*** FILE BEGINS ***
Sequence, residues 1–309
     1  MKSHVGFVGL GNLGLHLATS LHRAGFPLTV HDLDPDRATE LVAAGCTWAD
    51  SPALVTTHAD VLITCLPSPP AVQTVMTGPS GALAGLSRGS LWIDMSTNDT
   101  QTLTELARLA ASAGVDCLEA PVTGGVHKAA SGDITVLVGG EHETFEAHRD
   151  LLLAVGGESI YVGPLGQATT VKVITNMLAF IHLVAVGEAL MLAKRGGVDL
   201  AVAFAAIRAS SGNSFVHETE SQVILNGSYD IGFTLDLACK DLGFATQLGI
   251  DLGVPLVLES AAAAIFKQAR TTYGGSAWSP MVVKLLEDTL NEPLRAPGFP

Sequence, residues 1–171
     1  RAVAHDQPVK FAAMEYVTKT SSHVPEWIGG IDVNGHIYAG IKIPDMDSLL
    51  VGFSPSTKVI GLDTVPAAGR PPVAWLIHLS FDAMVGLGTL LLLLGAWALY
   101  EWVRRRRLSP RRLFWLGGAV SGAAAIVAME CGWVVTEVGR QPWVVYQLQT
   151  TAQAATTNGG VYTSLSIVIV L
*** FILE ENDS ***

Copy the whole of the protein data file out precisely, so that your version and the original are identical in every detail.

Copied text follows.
Sequence, residues 1–309
     1  MKSHVGFVGL GNLGLHLATS LHRAGFPLTV HDLDPDRATE LVAAGCTWAD
    51  SPALVTTHAD VLITCLPSPP AVQTVMTGPS GALAGLSRGS LWIDMSTNDT
   101  QTLTELARLA ASAGVDCLEA PVTGGVHKAA SGDITVLVGG EHETFEAHRD
   151  LLLAVGGESI YVGPLGQATT VKVITNMLAF IHLVAVGEAL MLAKRGGVDL
   201  AVAFAAIRAS SGNSFVHETE SQVILNGSYD IGFTLDLACK DLGFATQLGI
   251  DLGVPLVLES AAAAIFKQAR TTYGGSAWSP MVVKLLEDTL NEPLRAPGFP

Sequence, residues 1–171
     1  RAVAHDQPVK FAAMEYVTKT SSHVPEWIGG IDVNGHIYAG IKIPDMDSLL
    51  VGFSPSTKVI GLDTVPAAGR PPVAWLIHLS FDAMVGLGTL LLLLGAWALY
   101  EWVRRRRLSP RRLFWLGGAV SGAAAIVAME CGWVVTEVGR QPWVVYQLQT
   151  TAQAATTNGG VYTSLSIVIV L